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Teach Me How to Pray

Last year I was ordained to the ministry at Grace Fellowship Church. Since then I went on-staff as a part-time pastor and, more recently, as a full-time associate pastor. Needless to say, this has given me great opportunity to closely examine the calling and task of the minister. At its heart, this task is very simple. “We will devote ourselves to prayer and to the ministry of the Word” (Acts 6:4). Prayer and Bible; praying for and with people and teaching them the Word of God. If the job description is so simple, why is it so hard to do?

Of these two tasks, I feel much more confident and equipped when it comes to teaching. Words come easy to me. While I may labor over a sermon for many days, I am at least confident that in the end the words will come and the result will be adequate at least. But I find prayer far more difficult. While I feel the desire to pray and while I often long to pray, I find myself especially frustrated in organizing my times of prayer; often times I find myself giving up, or at least wanting to give up, because of the frustration involved in remembering all the things I want to pray for and in actually bringing them before the Lord.

To that end I have turned to a few pastors I know to ask them how they manage the task of prayer and in the days and weeks to come I plan to share some of these with you in the hope that you will find it helpful. The first man I turned to is Tim Kerr, pastor of Sovereign Grace Church here in Toronto. Tim is a dear friend to our church and a man who feels a special burden to pray. I asked him how he prays, and here is what he sent me.

Over the years I have tried many “systems” for prayer but have settled on a very basic pattern that keeps things uncomplicated. I use a pattern that incorporates both a simple plan (categories) and spontaneity. I am not a naturally disciplined person, so the planned side keeps me from neglecting important items that I need to be praying about.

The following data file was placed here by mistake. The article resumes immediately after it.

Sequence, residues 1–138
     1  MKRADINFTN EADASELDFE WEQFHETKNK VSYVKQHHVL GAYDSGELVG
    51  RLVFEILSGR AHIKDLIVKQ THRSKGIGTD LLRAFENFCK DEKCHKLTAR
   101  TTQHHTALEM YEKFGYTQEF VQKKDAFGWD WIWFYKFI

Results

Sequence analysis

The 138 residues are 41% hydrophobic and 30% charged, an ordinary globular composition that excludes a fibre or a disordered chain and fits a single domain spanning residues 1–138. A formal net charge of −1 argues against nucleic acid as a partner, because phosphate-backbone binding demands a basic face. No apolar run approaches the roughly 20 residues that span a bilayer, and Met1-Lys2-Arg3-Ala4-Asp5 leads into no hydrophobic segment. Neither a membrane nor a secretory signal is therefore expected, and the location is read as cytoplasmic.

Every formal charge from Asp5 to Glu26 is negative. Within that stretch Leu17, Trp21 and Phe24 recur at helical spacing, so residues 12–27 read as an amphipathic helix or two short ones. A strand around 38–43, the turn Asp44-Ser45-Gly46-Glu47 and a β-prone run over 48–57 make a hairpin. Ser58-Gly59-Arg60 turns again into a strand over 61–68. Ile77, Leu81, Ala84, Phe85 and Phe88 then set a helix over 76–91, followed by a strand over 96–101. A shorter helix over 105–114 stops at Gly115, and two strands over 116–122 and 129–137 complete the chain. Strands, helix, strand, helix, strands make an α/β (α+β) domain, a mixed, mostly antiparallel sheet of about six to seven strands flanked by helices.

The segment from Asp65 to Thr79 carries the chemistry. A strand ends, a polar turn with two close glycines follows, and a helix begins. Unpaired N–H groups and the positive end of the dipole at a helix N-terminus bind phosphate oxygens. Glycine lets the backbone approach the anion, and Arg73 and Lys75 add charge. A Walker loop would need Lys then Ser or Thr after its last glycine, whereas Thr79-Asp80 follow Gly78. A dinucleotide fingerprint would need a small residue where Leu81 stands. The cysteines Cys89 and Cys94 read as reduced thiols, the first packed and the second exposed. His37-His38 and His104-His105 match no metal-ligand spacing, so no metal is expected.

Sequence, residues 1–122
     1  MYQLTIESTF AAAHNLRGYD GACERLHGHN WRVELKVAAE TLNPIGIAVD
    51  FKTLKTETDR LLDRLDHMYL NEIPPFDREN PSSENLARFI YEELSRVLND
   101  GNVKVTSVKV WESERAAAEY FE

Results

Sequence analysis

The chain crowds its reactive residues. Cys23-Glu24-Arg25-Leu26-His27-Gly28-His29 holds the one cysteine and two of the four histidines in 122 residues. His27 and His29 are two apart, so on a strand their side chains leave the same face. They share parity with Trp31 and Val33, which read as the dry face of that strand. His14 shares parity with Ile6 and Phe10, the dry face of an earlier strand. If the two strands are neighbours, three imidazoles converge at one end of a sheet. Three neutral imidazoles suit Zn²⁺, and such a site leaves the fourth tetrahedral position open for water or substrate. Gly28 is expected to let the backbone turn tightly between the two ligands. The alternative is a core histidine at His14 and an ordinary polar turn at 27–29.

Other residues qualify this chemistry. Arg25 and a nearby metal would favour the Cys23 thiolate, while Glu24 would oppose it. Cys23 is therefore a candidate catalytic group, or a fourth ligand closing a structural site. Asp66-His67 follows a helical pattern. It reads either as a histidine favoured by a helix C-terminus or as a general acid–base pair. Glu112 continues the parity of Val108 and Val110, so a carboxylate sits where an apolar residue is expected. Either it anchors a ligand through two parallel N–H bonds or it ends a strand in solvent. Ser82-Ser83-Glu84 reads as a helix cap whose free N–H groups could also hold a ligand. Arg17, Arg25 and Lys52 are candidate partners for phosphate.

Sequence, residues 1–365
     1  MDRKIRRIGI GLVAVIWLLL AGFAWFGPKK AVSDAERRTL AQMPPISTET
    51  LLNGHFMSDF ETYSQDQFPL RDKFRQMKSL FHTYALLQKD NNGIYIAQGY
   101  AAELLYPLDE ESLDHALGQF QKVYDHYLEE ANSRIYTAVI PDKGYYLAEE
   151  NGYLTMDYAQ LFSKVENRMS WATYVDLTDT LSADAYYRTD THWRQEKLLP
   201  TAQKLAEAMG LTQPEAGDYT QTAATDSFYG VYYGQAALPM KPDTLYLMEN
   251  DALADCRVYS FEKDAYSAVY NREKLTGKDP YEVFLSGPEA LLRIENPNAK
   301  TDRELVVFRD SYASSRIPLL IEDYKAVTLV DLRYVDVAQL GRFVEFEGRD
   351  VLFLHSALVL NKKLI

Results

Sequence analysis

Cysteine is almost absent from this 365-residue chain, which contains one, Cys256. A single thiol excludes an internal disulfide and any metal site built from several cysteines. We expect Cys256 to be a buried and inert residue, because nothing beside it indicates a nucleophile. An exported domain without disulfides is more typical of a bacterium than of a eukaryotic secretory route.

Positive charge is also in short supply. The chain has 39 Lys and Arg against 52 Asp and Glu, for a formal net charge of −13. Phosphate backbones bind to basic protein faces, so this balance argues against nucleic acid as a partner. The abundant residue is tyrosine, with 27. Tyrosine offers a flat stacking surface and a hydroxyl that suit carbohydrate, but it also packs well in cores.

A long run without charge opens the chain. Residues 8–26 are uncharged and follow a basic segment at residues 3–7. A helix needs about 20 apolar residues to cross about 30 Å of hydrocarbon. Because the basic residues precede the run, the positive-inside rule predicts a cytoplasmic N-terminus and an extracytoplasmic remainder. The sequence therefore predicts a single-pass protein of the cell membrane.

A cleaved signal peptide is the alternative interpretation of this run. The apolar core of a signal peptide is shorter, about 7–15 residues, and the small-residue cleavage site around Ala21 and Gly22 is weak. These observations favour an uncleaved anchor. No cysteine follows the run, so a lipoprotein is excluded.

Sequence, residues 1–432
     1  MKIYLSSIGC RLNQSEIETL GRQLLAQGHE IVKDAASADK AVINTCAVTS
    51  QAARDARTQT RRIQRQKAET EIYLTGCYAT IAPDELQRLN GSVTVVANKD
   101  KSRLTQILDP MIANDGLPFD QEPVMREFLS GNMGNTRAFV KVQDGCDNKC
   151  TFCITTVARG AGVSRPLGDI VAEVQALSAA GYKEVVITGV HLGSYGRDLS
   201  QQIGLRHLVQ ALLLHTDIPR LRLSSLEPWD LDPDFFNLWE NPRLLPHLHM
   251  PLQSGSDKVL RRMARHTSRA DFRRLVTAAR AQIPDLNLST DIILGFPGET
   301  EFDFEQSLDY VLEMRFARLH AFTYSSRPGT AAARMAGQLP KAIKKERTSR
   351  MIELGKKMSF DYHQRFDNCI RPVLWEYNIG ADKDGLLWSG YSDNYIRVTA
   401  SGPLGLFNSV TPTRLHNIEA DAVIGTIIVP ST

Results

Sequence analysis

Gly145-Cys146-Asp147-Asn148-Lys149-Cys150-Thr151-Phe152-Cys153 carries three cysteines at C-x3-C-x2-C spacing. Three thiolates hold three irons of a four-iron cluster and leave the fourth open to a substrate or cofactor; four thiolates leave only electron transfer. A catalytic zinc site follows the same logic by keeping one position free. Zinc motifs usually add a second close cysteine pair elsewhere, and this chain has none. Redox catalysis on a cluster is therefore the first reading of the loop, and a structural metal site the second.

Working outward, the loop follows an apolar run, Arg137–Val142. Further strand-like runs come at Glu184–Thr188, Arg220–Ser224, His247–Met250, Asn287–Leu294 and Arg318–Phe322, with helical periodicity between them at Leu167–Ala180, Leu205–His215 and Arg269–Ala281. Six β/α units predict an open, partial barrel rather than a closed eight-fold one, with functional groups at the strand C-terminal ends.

The system I use reflects the particular prayer assignments I believe God has given to me so they may or may not be helpful to others. My prayer life primarily revolves around a list of people that I keep in a prayer journal (mine is leather as a simple reminder of its importance).

  1. First I pray for my family by name. I try to do this every day, and since I love them and care for them, it is relatively easy to keep doing this. My requests for them are based on what I observe as well as requests they share with me. Beside each of the written requests, I write a promise from scripture that speaks to the issue directly. I find praying God’s promises back to Him adds a lot of leverage to prayer and increases my faith as I pray.
  2. Next I pray for pastors (This is a category that I feel a special burden for) Right now I have 26 pastors I pray for regularly. 18 of those are Sovereign Grace pastors. I don’t have a formula for praying for these men. I pray for as many as I can as often as I can. I don’t obligate myself to pray for certain names on Monday, others on Tuesday etc. This may work for others but it hasn’t worked for me. When there are special needs, I spend more time praying for those men in particular. Many years ago I heard a message by John MacArthur on Col 1:9 that made a lasting impression on my practice of prayer. He taught that the preceding verses spoke about a group of believers that are doing well and this becomes the motivation for Paul to pray for them (note beginning of verse 9). Paul didn’t just pray for believers with spiritual problems, he also prayed earnestly for believers who were doing well spiritually! Shortly after that I started praying more for leaders, the faithful “core” of the church, and pastors outside of our church.